Lindsay Pereira: No, we're not a nation of prudes
The government believes Indians are not interested in sex, but figures given by a website on Indians watching porn say otherwise
Indians watched more pornography in 2015 than the people of Canada, Germany, France and Russia. The only countries that beat us in this dubious pastime were the United States and United Kingdom. If this piece of information — courtesy a report from PornHub, a site officially a billion times more popular than india.gov.in, official portal of the Government of India — comes as a bit of a surprise, you are probably a prude or a hypocrite, or both. In other words, you are probably a politician or an employee of the Brihanmumbai Municipal Corporation.
The PornHub report says that 25 per cent of porn viewers in India are female. Pic for representation/Thinkstock
If the government of India is to be believed, we have no interest in sex whatsoever. We are supposedly a chaste, vegetarian, non-violent people who have been corrupted by the West to indulge in sex for pleasure, eat meat and participate in the occasional riot with our fellow Indians. Homosexuality obviously didn’t exist before the first Westerner set foot on our shores. Neither did foreplay, of course. Our ancestors didn’t even know what oral sex was, despite what the sculptors of Khajuraho were obviously forced at sword-point to make us believe.
PornHub humbly begs to differ with the government of India. Apparently, the average time spent by Indians per visit on pornographic websites was nine minutes and 30 seconds. Americans spent 9.51 minutes, while the British spent 9.18 minutes. In other words, we spent more time watching men and women getting it on than our ministers spend discussing something useful in the Lok Sabha every other week.
The report adds that Sunny Leone was the top searched porn star in our country — another anomaly, considering the prudes we traditionally are. A woman taking her kit off is a huge problem for us, until she legitimizes it by getting into the movie industry, where a prodigious show of cleavage is then perfectly acceptable. Women dancing in bikinis are acceptable only on the big screen. Outside theatres, as our ministers repeatedly inform us, women in short skirts are wearing them only because they want to be molested.
These are all interesting facts to throw at the semi-literate gatekeepers who go on about Bharatiya Sanskriti and the corrupting influence of the West. These are the people responsible for our collective sexual frustration, for condoning covert sexual overtones when it suits them while denying couples the right to kiss in public because it goes against their regressive notion of what constitutes Indian culture. These are the people who watch pornography in Parliament (please check YouTube for proof), then step out and speak to the press about why it shouldn’t be allowed.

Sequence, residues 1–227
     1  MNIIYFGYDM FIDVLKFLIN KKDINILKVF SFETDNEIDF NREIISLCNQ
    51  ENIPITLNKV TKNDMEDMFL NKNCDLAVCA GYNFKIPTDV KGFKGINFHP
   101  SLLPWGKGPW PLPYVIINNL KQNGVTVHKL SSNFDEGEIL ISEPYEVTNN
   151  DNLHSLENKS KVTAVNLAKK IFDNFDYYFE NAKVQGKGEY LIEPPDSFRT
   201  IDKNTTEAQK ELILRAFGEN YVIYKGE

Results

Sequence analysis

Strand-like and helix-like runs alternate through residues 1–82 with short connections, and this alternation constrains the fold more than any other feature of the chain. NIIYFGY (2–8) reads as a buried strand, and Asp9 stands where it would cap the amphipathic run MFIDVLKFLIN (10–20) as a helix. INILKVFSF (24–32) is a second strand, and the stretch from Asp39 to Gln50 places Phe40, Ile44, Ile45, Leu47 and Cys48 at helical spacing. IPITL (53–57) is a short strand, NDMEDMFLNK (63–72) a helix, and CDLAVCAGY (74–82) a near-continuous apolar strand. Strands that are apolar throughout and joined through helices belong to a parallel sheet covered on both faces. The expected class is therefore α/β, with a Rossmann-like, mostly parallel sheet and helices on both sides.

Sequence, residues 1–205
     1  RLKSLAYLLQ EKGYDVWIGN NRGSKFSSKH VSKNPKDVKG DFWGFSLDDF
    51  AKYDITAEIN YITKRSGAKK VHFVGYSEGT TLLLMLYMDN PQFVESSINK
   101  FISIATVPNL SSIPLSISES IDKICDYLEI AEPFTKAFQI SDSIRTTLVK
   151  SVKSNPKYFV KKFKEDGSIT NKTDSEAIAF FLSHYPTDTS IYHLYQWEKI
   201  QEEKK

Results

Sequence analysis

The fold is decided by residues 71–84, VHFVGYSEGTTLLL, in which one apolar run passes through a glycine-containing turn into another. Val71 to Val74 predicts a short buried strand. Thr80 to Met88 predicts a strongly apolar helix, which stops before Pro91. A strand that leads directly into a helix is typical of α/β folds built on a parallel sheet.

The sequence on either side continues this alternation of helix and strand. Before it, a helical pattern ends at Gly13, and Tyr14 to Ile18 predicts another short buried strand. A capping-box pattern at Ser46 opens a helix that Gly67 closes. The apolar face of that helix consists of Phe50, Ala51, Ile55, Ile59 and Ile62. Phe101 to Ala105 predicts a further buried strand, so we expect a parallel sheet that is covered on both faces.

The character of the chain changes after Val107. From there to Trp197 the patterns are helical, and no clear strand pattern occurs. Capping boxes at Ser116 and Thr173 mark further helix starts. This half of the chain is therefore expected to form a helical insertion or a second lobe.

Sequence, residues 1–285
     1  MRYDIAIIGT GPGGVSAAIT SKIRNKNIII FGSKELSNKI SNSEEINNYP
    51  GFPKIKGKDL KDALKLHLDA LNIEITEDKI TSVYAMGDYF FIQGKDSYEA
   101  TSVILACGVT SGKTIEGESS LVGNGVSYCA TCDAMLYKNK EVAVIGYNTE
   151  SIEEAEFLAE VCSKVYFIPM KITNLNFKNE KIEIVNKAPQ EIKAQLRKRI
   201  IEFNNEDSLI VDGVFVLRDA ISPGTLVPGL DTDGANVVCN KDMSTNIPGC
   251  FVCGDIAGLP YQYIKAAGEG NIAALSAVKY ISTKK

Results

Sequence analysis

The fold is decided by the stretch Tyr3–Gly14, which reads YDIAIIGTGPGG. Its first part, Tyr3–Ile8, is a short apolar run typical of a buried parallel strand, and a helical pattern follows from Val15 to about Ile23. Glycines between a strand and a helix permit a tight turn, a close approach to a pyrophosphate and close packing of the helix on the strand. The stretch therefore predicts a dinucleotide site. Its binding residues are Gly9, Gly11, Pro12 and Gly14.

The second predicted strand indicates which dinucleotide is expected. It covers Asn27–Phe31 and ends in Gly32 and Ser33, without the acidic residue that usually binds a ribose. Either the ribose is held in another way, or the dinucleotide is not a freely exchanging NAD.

Here’s another interesting piece of information: The PornHub report says that 25 per cent of viewers in India are female, approximately 2 per cent higher than the worldwide average of 23 per cent. It also tells us that Indian men spent much of last year using their mobile phones to surreptitiously search for ‘Indian Bhabhi’, ‘Indian Actress’ and ‘Indian Wife’ in descending order of importance. In other words, hypocrisy continued to be a powerful trait even in the relative privacy of our homes.
Our government’s approach to sex, meanwhile, takes the form of plans to impose a complete ban on pornographic websites, demands for cuts on kissing scenes and, not too long ago, a ban on the display of lingerie on mannequins in Bombay from the BMC, followed by the demand for a complete ban on the use of female mannequins because they ‘silently promoted a surge of sex crimes.’ A BJP corporator actually had this to say to the press when that ban was suggested: “Lingerie mannequins promote rapes. Skimpily clad mannequins can pollute young minds.” It sounds absurd, but it’s true. Google it.
A few years ago, politicians were arguing for a ban on sex education in schools on the grounds that it corrupted the youth and offended ‘Indian values’. They also contended that this education may lead to promiscuity,
experimentation and irresponsible sexual behaviour. A former health minister also had a problem with condoms, saying that fidelity in marriage was better than advocating the use of condoms. And these are the people we elected to power, effectively empowering them to do what they thought was best for the rest of us. We have only ourselves to blame.
To assume Indians have no interest in sex is naïve. If we weren’t taking our pants and saris off as often as we obviously do, we wouldn’t be among the most populated nations on Earth. And Sunny Leone wouldn’t be a movie star.
When he isn’t ranting about all things Mumbai, Lindsay Pereira can be almost sweet. He tweets @lindsaypereira. Send your feedback to firstname.lastname@example.org